What is your Research Focus?
Nervous systems can produce a wide variety of adaptive behaviors, such as running, feeding, and singing. Yet, not all behaviors can be effectively performed simultaneously (“don’t text and drive!”). How do neural circuits interact to generate multiple behaviors at the same time? What aspects of neural activity limit the expression of different behaviors? And, what can these constraints teach us about nervous system function? To address these questions, we strive to accomplish the following:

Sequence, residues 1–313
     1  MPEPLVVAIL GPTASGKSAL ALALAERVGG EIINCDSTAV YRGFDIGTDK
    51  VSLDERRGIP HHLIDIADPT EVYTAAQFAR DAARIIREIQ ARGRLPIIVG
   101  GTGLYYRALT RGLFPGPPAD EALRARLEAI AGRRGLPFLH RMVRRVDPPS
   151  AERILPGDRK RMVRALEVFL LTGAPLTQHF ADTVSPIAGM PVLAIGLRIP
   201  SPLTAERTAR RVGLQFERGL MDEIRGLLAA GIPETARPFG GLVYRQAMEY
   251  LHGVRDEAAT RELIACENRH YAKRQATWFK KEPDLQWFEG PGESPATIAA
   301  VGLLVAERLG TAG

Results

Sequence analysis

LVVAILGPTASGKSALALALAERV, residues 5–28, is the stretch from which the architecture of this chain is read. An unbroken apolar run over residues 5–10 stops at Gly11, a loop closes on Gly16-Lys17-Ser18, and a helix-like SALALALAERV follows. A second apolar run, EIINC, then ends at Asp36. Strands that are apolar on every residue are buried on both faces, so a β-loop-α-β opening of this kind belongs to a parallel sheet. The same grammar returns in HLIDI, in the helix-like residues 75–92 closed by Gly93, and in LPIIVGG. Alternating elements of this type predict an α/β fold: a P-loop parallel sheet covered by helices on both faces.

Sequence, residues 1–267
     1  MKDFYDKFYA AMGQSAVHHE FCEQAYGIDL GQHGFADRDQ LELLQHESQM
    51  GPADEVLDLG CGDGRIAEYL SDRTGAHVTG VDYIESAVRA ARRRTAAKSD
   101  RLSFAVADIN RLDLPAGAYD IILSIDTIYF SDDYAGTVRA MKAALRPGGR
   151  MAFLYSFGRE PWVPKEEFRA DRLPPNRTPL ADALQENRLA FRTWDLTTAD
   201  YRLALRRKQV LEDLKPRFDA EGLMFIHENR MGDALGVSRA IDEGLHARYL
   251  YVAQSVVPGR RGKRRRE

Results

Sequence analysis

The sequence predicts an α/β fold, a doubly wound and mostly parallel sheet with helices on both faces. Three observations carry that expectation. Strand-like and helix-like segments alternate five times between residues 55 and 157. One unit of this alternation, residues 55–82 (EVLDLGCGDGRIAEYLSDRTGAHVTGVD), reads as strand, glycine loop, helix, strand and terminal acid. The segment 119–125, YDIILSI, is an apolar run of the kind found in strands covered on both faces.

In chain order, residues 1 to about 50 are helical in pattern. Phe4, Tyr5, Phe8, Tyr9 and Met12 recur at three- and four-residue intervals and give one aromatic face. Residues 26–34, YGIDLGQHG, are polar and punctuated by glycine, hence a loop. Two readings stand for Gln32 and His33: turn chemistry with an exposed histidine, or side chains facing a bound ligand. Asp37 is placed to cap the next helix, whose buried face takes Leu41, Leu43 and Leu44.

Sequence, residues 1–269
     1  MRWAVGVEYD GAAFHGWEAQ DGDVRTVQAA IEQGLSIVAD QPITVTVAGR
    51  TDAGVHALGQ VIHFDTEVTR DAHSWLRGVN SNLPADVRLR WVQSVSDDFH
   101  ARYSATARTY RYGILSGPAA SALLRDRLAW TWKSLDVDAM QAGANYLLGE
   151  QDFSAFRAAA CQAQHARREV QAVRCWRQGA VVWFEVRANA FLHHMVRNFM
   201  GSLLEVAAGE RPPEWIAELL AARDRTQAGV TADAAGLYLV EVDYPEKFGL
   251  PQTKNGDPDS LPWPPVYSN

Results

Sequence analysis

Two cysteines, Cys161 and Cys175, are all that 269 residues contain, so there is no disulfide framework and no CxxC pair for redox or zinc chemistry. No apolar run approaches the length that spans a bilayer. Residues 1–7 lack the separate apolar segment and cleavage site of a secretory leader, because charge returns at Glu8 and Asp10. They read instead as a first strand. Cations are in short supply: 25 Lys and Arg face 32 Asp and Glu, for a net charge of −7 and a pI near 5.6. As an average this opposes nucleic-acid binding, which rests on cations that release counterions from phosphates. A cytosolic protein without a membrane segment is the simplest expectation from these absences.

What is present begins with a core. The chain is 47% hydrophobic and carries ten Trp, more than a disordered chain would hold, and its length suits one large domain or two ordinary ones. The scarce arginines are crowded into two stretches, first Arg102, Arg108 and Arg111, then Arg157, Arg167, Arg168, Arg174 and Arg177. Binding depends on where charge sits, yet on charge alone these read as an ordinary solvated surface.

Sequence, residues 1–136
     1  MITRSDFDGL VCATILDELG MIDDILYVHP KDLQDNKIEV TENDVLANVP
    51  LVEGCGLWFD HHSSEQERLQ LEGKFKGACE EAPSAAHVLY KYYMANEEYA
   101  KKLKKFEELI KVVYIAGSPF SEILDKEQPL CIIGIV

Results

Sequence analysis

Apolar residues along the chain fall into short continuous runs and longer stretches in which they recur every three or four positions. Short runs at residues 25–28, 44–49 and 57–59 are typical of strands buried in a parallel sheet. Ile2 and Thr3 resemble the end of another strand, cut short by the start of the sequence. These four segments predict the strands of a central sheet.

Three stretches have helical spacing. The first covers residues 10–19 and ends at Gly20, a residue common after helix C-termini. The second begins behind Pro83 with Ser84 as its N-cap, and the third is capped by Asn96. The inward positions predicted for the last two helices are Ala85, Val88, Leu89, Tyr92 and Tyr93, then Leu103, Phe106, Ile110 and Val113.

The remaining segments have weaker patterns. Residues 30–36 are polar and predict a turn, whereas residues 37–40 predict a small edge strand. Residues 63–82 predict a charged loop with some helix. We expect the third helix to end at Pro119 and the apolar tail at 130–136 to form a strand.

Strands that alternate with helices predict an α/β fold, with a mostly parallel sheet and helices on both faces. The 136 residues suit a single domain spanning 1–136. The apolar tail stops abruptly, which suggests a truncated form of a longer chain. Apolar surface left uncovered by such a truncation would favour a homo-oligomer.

– understand the computations implemented by brain-wide networks,
– uncover how neural circuits interact, at different scales, to generate behaviors, and,
– investigate the natural limits of nervous system function.
We aim to achieve these goals by studying the small brain of the fruit fly, D. melanogaster, using recent advances in neurogenetics, high-resolution behavioral analysis, modeling, and neural imaging to reveal general principles of dynamic brain function.
What opportunities at the UW excite you?
I am most excited by the opportunities to work alongside experimentalists and theorists, at all levels, to understand the link between brains and behavior. To that end, I’ve already connected with UW scholars through ADVANCE and the Faculty Development Program and I’m looking forward to building with them.